Vacation in Madrid: Day 2

See Madrid Day 1 here!

On my second day in Madrid, I decided to be a bit more artsy. Madrid is home to several amazing art museums. Not least among them are the
Thyssen-Bornemisza Museum and the Prado National Museum.

Simply put, the Thyssen-Bornemisza Museum has everything. You can find art from the 13th century all the way up to the late 20th century. The museum displays a large variety of styles, including Impressionism, Fauvism, Expressionism, and so on. You’ll find works by many of your favorites, such as Picasso, Van Gogh, and many others. So basically you’re guaranteed to find something you like.

The Prado National Museum is undoubtedly one of the greatest art museums in the world. Think of it like the Spanish version of the Louvre. Based on the former Spanish Royal Collection, the Prado’s collection of artwork is massive. But the museum is especially famous for its works by Velasquez, Goya and El Greco. Goya’s Black Paintings are a favorite of mine for the dark and ominous emotions they evoke. If you come to Madrid, the Prado is a must. Just try to get there early because the museum gets crowded quick.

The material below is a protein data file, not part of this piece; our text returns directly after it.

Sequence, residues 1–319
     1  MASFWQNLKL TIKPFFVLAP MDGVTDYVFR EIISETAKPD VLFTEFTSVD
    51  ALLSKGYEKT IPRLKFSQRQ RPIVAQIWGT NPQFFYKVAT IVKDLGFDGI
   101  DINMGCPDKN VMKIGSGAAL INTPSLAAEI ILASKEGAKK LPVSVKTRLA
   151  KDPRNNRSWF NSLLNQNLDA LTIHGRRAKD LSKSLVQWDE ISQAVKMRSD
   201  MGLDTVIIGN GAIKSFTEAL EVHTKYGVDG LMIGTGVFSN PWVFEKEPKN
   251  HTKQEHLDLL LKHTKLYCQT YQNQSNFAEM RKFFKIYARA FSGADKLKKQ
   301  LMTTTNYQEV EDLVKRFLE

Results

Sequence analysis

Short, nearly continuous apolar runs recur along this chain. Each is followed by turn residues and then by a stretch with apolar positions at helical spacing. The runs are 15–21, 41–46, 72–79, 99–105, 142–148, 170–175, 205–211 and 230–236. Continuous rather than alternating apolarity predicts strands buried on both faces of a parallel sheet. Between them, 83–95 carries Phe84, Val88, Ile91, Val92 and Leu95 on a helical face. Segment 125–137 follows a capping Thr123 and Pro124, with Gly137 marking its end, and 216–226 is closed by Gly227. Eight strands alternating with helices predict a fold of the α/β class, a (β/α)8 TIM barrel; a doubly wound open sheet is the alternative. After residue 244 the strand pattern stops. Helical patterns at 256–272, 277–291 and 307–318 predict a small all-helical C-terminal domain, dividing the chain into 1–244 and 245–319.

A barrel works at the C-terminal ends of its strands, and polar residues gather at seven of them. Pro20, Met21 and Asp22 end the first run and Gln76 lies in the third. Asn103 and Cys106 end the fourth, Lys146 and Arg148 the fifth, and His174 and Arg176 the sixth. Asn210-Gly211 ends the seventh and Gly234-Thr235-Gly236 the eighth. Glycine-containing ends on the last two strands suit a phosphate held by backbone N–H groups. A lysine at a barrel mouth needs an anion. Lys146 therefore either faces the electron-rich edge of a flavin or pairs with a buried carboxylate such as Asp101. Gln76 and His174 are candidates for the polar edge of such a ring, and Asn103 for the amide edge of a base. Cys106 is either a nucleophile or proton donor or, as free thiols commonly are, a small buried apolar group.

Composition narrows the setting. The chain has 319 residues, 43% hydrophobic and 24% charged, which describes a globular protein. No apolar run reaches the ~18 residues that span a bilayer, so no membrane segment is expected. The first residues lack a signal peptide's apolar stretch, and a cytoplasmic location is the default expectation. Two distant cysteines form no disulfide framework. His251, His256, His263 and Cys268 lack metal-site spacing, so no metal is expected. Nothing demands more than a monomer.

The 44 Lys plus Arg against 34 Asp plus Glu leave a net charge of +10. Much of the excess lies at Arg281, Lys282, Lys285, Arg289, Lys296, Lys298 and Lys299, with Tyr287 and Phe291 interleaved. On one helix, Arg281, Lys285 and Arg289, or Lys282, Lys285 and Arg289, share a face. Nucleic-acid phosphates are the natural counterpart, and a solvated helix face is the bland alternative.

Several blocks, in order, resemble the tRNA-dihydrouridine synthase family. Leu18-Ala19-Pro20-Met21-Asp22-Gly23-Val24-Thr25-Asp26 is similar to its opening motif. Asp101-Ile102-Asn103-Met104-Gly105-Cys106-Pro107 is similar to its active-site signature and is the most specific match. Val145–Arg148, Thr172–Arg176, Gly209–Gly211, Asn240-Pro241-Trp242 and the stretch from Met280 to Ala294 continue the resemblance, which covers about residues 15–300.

After my visit to the museums, I took a walk in Retiro Park. The park is enormous. You can quite literally get lost in there. But at least you’ll see many beautiful sights along the way. There’s Statue Walk with a series of statues of Spanish kings, a rose garden, the Fountain of the Fallen Angel, and the aptly named Crystal Palace. And in between each attraction are verdant bushes and flowering trees. It’s the perfect place to relax.

To wrap up my evening, I went to Restaurante Botin. Founded in 1725, the Botin is known as the oldest restaurant in the world. No other restaurant can claim that history. At the restaurant, they serve classic Spanish meals that are simple, but effective. They also have a small band that sings and plays traditional Spanish music to set the mood for young couples on their dates. Although some might find that gimmicky, I thought Botin had a cozy, romantic feel that anyone could enjoy.

I started my meal with gazpacho, a thick, creamy soup served cold. You have the option to add toppings of your choosing. Personally, I added diced tomatoes and peppers. It adds a little freshness and a touch of spice. Yet, even without toppings, the soup is a delight.

Next I had the restaurant’s signature dish: roast, suckling pig. The skin was crisp and salty, the meat tender and juicy. Fattening? Yes. Delicious? Hell yes. When a restaurant serves the same recipe for 300 years, don’t question it. It’s good.

Finally, I ended my meal with caramel ice cream and chocolate sauce. Sure, it’s not the fanciest dish in the world. But like I said, the food at Botin is simple, but effective. You don’t need complex, pretentious dishes to have a good time. Just go to Botin. You won’t regret it.

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